MARGARET FELDMAN: They'll be able to link their FAFSA to the IRS and automatically pull in tax data from 2015.
TURNER: That's Margaret Feldman, the director of college advising with the Scholarship Fund of Alexandria in Virginia. She's based at T.C. Williams High School and has helped hundreds of students fill out the FAFSA. In the old days, she says, getting the right tax data was a big barrier for students. Now...
FELDMAN: The numbers will automatically populate into the FAFSA application.
TURNER: I assume those words, automatically populate - those are magical words to you.
FELDMAN: Those are very magical. It's a huge time saver.
TURNER: These changes are good, Feldman says, but she wants to be clear. The FAFSA's still hard for many students. Last year, I spent a day with her watching several teens struggle through the old FAFSA. Recently, I went back for the new one, and here's a bit of what I heard.
FELDMAN: This is this just instructions, so press next and skip that.
UNIDENTIFIED STUDENT #1: I can call him right now to get it.
FELDMAN: Yeah, that'd be great. Let's do that. So say no to that one. Have you ever been in foster care before?
UNIDENTIFIED STUDENT #2: No.
UNIDENTIFIED STUDENT #3: How about the year?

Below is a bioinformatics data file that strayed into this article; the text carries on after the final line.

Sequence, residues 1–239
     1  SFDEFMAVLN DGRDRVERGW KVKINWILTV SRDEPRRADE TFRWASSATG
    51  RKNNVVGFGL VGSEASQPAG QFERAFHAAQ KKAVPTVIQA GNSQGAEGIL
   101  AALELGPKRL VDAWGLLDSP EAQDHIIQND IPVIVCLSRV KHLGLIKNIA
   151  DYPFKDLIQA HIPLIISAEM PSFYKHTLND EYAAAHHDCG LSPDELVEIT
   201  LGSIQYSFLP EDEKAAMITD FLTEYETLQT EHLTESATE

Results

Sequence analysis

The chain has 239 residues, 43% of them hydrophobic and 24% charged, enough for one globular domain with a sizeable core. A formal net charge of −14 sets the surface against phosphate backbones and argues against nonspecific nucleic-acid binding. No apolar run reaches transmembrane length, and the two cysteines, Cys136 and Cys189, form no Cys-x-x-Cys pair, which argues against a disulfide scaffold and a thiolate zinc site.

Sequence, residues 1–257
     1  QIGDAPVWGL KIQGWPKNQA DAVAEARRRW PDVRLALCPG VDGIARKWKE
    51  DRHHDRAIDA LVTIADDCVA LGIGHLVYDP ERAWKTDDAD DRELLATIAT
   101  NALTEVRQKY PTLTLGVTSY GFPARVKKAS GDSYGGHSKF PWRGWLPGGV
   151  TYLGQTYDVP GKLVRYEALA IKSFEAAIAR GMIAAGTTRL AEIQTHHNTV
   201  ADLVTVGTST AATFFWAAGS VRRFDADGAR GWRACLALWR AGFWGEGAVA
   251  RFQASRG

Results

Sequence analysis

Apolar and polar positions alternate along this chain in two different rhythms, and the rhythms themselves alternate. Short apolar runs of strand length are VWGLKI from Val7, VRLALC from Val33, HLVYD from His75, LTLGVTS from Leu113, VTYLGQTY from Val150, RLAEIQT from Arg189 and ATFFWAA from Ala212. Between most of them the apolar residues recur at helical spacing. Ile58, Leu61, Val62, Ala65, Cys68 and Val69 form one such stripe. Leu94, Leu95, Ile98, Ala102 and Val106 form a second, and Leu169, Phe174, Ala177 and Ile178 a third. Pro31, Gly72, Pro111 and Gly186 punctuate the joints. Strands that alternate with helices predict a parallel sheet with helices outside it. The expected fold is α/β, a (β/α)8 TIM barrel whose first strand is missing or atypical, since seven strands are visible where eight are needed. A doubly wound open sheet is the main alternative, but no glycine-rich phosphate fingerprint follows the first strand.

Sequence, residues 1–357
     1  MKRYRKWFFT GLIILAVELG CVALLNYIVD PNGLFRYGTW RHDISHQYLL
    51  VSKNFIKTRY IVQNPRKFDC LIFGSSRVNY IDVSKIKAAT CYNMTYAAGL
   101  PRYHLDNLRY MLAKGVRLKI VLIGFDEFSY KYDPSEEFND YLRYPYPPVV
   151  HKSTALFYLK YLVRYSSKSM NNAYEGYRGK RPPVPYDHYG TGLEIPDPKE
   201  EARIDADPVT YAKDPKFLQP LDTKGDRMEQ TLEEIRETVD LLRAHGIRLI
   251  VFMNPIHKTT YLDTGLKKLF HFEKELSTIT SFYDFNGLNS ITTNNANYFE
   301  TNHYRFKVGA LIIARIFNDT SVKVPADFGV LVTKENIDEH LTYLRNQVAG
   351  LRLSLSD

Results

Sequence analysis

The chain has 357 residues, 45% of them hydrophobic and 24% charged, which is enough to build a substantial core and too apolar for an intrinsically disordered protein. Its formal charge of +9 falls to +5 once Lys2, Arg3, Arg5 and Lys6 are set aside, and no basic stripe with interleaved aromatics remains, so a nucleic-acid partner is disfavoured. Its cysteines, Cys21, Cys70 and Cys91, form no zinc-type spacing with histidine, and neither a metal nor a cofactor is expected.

FELDMAN: Oh, no.
UNIDENTIFIED STUDENT #3: Oh, no.
FELDMAN: (Laughter) It timed out.
TURNER: Hold on. What happened?
FELDMAN: Periodically, that website crashes.
UNIDENTIFIED STUDENT #1: Hello? Papi, me puedes dar tu Social Security ahorita? OK.
He said he doesn't have his own Social Security right now.
FELDMAN: Do you have your wife's tax return at home?
UNIDENTIFIED PARENT #1: We have to contact her. She gets every document.
FELDMAN: She has all your documents?
UNIDENTIFIED STUDENT #4: No, for your email. I need to get access to your email to get the information.
TURNER: So you guys have to come back?
UNIDENTIFIED PARENT #2: Yes - have to come back.
TURNER: How's it feel?
UNIDENTIFIED PARENT #2: Bad (laughter). I was hoping it could be finished today.
TURNER: That was just a taste of the FAFSA process for four students. Two of them brought parents. Only one student finished. When I told researcher Lindsay Page...
PAGE: This certainly doesn't surprise me. The process, in and of itself, is confusing.
TURNER: Students still need lots of information, Page says, that they may not have easy access to - parents' birthdays, dates of divorce, Social Security numbers. And some still needed their tax info. Both Page and Feldman think the FAFSA could be easier, but it's hard to imagine that happening anytime soon. For now, Page says, one of the best things a school can do is to make sure students have grown-ups, like Margaret Feldmann, to guide them through it.
FELDMAN: OK. There we go.
UNIDENTIFIED STUDENT #3: There we go.
FELDMAN: All the numbers we need. So go ahead and hit - check this box...
UNIDENTIFIED STUDENT #3: All right.
FELDMAN: ...And hit transfer now.
TURNER: Cory Turner, NPR News, Washington. Transcript provided by NPR, Copyright NPR.